Published online by Cambridge University Press: 28 September 2012
NEW RELIGIONS AND RELIGIOUS INNOVATION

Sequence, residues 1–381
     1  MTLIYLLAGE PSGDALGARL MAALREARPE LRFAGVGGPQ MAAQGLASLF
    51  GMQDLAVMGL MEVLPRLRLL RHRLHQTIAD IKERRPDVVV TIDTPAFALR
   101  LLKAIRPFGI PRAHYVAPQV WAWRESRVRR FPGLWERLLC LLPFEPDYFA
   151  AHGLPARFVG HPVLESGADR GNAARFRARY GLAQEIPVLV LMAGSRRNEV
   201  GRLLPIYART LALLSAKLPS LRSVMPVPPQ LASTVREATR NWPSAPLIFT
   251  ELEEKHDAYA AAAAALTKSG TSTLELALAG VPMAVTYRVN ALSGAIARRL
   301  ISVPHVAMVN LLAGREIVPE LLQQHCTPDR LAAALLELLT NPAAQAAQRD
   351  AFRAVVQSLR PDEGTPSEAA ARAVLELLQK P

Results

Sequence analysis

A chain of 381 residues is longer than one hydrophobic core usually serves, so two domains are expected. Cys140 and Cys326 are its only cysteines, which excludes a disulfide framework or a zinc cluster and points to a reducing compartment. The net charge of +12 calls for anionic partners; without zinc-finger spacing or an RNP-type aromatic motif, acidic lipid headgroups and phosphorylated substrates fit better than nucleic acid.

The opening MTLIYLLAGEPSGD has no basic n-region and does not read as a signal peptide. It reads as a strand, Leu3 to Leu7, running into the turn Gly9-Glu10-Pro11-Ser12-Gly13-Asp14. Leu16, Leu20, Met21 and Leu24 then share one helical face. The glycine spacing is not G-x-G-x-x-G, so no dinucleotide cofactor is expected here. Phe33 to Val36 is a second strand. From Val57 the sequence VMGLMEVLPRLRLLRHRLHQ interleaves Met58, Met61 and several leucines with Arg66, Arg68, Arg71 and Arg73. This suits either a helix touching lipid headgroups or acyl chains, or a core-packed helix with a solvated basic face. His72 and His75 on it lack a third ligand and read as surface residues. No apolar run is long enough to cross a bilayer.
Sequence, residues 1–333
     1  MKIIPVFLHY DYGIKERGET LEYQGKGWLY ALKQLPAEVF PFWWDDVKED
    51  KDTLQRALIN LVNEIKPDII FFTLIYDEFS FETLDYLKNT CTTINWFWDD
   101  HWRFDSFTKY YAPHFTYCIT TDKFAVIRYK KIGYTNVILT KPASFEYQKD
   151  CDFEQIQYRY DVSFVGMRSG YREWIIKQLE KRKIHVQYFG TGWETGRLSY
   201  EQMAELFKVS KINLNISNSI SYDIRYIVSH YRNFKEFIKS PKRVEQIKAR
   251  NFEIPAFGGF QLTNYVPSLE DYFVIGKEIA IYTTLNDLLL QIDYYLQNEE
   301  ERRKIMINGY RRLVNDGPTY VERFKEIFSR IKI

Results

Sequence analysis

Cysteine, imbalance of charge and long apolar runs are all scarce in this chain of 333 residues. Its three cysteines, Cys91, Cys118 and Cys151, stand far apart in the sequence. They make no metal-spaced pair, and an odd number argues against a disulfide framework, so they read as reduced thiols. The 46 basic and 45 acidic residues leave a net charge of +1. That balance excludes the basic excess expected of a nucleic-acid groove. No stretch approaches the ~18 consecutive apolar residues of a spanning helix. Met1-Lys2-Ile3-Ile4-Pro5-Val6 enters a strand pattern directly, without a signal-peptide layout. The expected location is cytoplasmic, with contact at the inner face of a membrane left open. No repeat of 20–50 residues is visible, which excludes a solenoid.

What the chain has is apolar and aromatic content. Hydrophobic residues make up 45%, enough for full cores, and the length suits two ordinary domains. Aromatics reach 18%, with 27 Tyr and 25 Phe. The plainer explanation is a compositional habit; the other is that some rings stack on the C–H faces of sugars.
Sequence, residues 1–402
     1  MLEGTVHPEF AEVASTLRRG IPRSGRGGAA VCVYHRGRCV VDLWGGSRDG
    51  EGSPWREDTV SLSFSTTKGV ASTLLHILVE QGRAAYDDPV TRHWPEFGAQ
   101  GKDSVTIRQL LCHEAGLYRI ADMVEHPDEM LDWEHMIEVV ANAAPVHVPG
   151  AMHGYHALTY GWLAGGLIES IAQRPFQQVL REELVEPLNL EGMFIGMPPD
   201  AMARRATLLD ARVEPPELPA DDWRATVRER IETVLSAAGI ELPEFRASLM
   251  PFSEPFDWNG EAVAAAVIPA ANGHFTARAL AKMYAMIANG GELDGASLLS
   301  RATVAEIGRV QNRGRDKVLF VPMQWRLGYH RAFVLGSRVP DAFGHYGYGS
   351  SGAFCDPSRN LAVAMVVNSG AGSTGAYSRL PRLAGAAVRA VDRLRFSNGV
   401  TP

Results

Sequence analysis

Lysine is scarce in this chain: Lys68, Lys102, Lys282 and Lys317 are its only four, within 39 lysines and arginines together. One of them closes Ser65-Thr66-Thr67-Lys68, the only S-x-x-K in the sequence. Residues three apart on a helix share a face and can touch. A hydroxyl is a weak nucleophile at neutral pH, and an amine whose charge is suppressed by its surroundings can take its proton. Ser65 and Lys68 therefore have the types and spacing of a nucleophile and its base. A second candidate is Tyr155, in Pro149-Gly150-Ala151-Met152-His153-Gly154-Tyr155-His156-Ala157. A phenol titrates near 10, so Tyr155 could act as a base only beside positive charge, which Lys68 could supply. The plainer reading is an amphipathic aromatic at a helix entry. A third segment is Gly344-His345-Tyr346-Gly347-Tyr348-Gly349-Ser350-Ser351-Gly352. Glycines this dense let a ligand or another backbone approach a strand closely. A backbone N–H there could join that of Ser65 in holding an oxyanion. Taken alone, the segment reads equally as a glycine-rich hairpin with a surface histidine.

Religions resemble living organisms. They emerge as distinct entities in the religious landscape when, for example, innovations are introduced by a charismatic leader or a schismatic group leaves its parent organization. They gain momentum if they manage to attract adherents, often shifting shape in the process: the leadership of the charismatic individual is replaced by a more bureaucratic institution, or the initial emotional effervescence of the schismatic group subsides. Some religions disappear in the earliest, formative stages, while others manage to survive the turbulent first years. As time passes, they may enter into a phase of relative stability. Changes still take place, but often at a pace that is so slow that established doctrines and rituals seem to be seamlessly transmitted from generation to generation. Only when a new charismatic authority figure takes center stage, a schismatic group breaks out of the organization, or when external forces undermine the stability of the tradition, do changes once again become visible as equilibrium becomes threatened. Finally, even traditions that have subsisted for centuries or millennia can pass into insignificance or oblivion. Gods that were venerated in the distant past – Marduk of the Babylonians, the Egyptian goddess Isis, Zeus of classical antiquity, and countless others – are reduced to names in the annals of research, as rituals in their honor are no longer performed and stories about them cease to be told.